Imagine a world where everything you do is being rated on a scale from one to five. Everyone can judge your actions based on their interactions with you, from the stranger you met on the street, the barista from the local coffee shop, to the co-workers you greet during elevator talk. Each rating affects a person’s social status. This Black Mirror’s episode “Nosedive” is created as an uncanny thermometer to measure how absurd a society controlled by social platforms could be.
Directed by Joe Wright, “Nosedive,” shown on Netflix, portrays the possibility on how our obsessions towards tech and social media culture today might build up into horrors in the future. People are judged solely by their ratings. The main character Lacie Pound, played by Bryce Dallas Howard, is trying to please everyone to gain acceptance. She believes that her value is equivalent to her app rating.
Her aim is to manage the coveted rating of 4.5. This involves practicing smiles in the mirror, brandishing goodwill to everyone, posting fashionable photos for her timeline, brown nosing “prime influencers,” while rating others five stars with the hope that they rate her favorably back. This show disturbingly shines an uncomfortable spotlight on the ways we live now.
Let's be honest – we are already more than halfway there. We have like and dislike buttons, follow and unfollow, match and unmatch. Many are obsessed altering their lives to build online personas to seek validation from others' likes and comments. We create the image of ourselves we like to portray and project to others, one post at a time – whether it's through people snapchatting pictures of their food or pining hope for another 50 followers on Instagram.
We already can rate movies, hotels, apps, doctors, government agencies, and college professors online. Yelp’s reviews determine the success of one’s business. Airbnb guests can submit star ratings and written reviews. Not just the driver, but we as passengers also are being rated each time we take Lyft or Uber.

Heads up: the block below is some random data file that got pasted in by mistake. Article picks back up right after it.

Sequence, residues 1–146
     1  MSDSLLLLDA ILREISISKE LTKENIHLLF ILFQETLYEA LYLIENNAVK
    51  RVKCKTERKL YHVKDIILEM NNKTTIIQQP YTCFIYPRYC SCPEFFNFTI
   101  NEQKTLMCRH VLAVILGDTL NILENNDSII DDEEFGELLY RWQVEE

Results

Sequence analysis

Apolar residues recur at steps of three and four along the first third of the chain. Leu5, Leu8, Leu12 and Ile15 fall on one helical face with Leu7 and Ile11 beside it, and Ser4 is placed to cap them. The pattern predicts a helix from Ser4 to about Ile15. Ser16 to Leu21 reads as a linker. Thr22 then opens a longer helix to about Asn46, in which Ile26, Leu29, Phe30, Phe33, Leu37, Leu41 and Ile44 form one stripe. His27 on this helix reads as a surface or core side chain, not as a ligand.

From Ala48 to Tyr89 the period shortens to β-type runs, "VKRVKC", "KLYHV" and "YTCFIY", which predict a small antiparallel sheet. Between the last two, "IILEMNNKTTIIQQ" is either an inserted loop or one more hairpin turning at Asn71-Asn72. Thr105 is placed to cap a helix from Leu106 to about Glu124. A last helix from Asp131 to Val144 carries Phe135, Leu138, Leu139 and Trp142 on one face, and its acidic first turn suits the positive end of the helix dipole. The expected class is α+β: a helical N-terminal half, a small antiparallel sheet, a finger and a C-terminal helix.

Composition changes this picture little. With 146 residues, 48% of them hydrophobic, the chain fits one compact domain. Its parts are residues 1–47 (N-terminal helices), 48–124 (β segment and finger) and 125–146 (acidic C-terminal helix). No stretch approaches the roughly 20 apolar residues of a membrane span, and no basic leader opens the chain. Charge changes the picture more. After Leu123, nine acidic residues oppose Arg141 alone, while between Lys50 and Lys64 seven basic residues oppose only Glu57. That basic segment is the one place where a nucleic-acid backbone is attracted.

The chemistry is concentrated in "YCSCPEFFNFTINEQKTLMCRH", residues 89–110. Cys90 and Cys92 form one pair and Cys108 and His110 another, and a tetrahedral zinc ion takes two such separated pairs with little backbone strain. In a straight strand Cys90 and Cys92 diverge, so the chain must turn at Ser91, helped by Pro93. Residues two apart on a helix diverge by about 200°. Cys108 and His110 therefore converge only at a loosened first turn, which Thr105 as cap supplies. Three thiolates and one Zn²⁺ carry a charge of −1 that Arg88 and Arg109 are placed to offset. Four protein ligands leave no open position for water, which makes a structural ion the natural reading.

The problem with the rating system is evident. Leaving an unbiased and honest review is hard. Check Amazon.com for example. Most sellers are giving out their product for free in exchange for positive "fake reviews." Putting subjectivity aside, most people who leave reviews either really love or hate the subject.
“Rating systems have turned customers into unwitting and sometimes unwittingly ruthless middle managers,” wrote Josh Dzieza for The Verge. “Customers expect Ritz Carlton service at McDonald's prices.”
Today, customers are also being reviewed, which means sooner or later the rating system is going to apply to everyone.
Peeple, known as the “Yelp for humans,” caused Internet backlash in 2015. It is a rating platform that would let anyone post public reviews of their acquaintances, from exes to bosses. Users can be rated based on three categories: personal, professional, and romantic. Peeple wants “character to be a new form of currency.” Ironically, the application only received one star in its App Store’s reviews. It ended up raising fears in public shaming and harassment.
As a part of Black Mirror's marketing, Netflix launched RateMe.Social, where you can check your social media rating or rate others. I received a 3.8, which in the world of the show is frowned upon.
People are afraid of being marked down. I once got a bad Yelp review, and I was devastated all day. Now I admit that I force myself to smile in front of customers to avoid another one star.
If we don’t like something about someone, have we forgotten that we can just tell him or her nicely in person? Instead of fake smiling and leaving bad reviews online, just be lovingly honest. Also keep in mind that if we are receiving feedback, we should always be open to constructive criticism.
Perhaps ratings could be the dystopian way to control the world. But the real question is, can we still behave even if no one would rate us down? Perhaps we need to question what the right amount of rating others is.